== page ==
Apple Software Update

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Apple Software Update
Software Update icon.png
Software Update on Mac OS X 10.7.3.png
Software Update in OS X Lion
Developer(s) Apple Inc.
Operating system Mac OS 9
Type System Utility
License Proprietary

Software Update is a software tool by Apple Inc. that installs the latest version of Apple software on computers running OS X. It was originally introduced to Mac users in Mac OS 9. A Windows version has been available since the introduction of iTunes 7, under the name Apple Software Update. Software Update automatically informs users of new updates.

The program is part of the CoreServices in OS X, found at /System/Library/CoreServices/Software, or by choosing Software Update from the Apple menu. Software Update can be set to check for updates daily, weekly, monthly, or not at all; in addition, it can download and store the associated .pkg file (the same type used by Installer) to be installed at a later date and maintains a history of installed updates.

Software Updates consist of incremental updates of the Mac OS and its applications, Security Updates, device drivers and firmware updates. All software updates require the user to enter their administrative password, as with all consequential system changes. Some updates require a system restart. Starting with OS X 10.5, updates that require a reboot log out the user prior to installation and automatically restart the computer when complete; in earlier versions, the updates are installed, but critical files are not replaced until the next system startup.

As of OS X Mountain Lion, Software Update has been merged into the Mac App Store.

Command line[edit]

All of Software Update's features are available through the command-line program softwareupdate. The command to update everything from a terminal command line is "sudo softwareupdate -i -a".

The command line usage for softwareupdate in OS X 10.6 is as follows (this is a result of "sudo softwareupdate -h"):

usage: softwareupdate <mode> [<args> ...]

        -l | --list             List all appropriate updates
        -d | --download         Download Only
        -i | --install          Install
                <label> ...       specific updates
                -a | --all              all appropriate updates
                -r | --recommended      only recommended updates

        Per-user preferences:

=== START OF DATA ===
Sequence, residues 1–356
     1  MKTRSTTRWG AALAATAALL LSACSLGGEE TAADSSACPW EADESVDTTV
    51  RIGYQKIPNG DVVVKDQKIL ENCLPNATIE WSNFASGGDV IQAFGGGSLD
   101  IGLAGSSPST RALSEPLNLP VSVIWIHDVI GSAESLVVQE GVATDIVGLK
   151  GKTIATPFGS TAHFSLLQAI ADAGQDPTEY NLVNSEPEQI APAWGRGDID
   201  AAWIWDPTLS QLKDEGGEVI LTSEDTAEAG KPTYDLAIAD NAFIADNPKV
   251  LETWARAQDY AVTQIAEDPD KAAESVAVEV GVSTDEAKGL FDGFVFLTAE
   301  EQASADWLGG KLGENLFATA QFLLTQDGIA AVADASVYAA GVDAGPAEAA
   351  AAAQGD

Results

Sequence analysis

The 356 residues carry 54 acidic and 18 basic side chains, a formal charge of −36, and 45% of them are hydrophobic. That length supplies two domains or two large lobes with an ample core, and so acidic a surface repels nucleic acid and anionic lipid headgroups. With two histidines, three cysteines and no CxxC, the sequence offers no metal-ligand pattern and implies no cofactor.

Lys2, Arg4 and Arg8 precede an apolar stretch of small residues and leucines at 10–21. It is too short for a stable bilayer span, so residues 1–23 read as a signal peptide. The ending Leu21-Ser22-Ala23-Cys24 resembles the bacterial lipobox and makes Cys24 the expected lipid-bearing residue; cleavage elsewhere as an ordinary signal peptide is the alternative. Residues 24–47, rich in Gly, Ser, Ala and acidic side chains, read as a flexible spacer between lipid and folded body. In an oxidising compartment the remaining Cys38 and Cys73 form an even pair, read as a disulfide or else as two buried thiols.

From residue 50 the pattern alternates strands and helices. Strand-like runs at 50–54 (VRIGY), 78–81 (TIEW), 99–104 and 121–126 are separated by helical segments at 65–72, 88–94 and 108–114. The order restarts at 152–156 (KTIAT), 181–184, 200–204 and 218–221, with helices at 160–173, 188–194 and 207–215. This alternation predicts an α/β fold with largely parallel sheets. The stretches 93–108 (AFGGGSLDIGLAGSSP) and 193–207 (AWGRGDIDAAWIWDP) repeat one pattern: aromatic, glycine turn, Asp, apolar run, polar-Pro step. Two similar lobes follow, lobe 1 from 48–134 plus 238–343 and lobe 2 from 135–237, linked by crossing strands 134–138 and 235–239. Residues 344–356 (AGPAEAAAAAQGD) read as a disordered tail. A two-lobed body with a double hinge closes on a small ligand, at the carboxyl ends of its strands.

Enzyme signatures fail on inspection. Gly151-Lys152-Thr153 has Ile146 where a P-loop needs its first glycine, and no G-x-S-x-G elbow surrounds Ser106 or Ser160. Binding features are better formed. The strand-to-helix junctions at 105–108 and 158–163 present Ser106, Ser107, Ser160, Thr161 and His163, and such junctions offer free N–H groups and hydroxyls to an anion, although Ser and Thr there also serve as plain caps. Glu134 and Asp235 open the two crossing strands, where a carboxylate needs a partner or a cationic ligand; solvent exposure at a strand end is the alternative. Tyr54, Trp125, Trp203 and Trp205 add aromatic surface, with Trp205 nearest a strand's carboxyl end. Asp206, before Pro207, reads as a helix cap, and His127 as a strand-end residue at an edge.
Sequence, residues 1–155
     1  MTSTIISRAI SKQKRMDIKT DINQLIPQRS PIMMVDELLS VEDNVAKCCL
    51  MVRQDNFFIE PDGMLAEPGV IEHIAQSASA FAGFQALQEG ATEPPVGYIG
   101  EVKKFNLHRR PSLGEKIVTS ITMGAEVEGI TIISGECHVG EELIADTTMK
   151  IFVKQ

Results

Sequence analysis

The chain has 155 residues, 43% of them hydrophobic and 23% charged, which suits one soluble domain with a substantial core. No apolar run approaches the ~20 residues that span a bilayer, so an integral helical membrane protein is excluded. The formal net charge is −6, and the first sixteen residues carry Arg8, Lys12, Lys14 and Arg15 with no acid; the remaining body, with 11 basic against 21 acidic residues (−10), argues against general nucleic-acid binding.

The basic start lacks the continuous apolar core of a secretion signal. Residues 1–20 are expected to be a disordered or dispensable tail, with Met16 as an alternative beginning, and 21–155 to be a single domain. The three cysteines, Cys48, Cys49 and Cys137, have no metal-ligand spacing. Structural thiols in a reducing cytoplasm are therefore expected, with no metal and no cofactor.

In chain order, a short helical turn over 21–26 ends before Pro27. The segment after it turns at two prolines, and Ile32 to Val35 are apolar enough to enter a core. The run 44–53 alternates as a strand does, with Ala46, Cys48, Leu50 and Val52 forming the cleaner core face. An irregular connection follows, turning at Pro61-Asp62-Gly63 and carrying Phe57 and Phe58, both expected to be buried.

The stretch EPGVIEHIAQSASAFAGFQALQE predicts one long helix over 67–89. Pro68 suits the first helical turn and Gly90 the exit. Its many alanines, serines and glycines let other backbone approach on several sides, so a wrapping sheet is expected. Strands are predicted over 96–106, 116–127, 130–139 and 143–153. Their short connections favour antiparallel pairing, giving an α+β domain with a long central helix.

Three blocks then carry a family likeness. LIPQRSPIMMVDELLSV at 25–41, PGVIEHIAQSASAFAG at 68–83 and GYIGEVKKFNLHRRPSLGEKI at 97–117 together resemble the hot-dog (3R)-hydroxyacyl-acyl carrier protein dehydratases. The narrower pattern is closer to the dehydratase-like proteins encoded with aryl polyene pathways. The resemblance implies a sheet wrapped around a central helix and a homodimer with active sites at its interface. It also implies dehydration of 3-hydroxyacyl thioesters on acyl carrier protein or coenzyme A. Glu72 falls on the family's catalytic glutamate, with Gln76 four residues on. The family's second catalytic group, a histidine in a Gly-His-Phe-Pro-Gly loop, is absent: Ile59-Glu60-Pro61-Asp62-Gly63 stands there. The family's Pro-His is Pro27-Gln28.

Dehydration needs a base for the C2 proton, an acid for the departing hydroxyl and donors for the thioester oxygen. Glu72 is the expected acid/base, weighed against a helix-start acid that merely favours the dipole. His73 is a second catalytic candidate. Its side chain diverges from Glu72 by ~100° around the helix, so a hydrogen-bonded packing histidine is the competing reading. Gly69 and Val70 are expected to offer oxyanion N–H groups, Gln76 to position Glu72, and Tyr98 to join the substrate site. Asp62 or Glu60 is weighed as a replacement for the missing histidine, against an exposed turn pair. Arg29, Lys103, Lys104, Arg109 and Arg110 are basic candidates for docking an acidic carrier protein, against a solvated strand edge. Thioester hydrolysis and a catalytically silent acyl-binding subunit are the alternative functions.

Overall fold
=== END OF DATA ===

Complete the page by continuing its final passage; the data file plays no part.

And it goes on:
--ignore <label> ...      Ignore specific updates
        --reset-ignored         Clear all ignored updates
        --schedule (on | off)   Set automatic checking

        -v | --verbose  Enable verbose output
        -h | --help     Print this help

Using this tool, it is fairly straightforward for administrators to automatically install incoming updates by adding a cron job, or using the new launchd scheduling system, the latter is recommended (don't forget the "sudo" if run from a terminal command line):

softwareupdate --install --all

or to be more cautious, just

softwareupdate --install --recommended

It is prudent to set the job to run only every few days to allow for time to jump in with an --ignore if a particular update is reported to have issues by early adopters. If running as a cron job, it is also a good idea to avoid running the update while a user is logged in, especially since some updates require reboot to take effect. (softwareupdate does not reboot automatically, it merely displays a warning on its standard output if a reboot is necessary.) Remote administrators may also be interested in also using the cURL and installer command line utilities to set up their own software update system.


Apple Software Update under Wireshark

Software Update uses predictable TCP sequence numbers and plain text HTTP. Neither the command line nor GUI tools allow the user to use unpredictable sequence numbers or HTTPS. Mac OS X 10.8 uses HTTPS by default and allows a user to downgrade to HTTP, but still uses predictable sequence numbers.[1]

Apple's Software Update download server allows weak and wounded ciphers, and the server does not support secure renegotiation. Performing test connections using openssl s_client showed the server would agree to RC4-MD5. In fact, ARC4-MD5 was the server's preferred cipher. While confidentiality is not an issue (everyone gets the same update), authenticity is an issue and user must have assurances that they are communicating with the expected server and the communications are not tampered (MD5 is considered insecure by the cryptographic community, and should not be used).[2]

In March 2008, Apple began offering its web browser, Safari, through Apple Software Update for Windows. The Safari download was selected by default for installation by Apple Software Update.[3] After significant criticism from the community, Apple changed its policy and Safari was no longer selected by default for download.[4] Apple Software Update for Windows now offers new software and an optional download, in addition to updates for already-installed software.


  1. ^ OS X: Updating OS X and Mac App Store apps, September 19, 2012, retrieved September 23, 2012 
  2. ^ Schneier, Bruce (August 19, 2004), Cryptanalysis of MD5 and SHA: Time for a New Standard, retrieved September 23, 2012 
  3. ^ "Apple pushes Safari on Windows via iTunes updater". CNET. Retrieved October 23, 2009. 
  4. ^ "Apple updates Software Update for Windows, Safari optional". Ars Technica. Archived from the original on October 12, 2009. Retrieved October 23, 2009. 

External links[edit]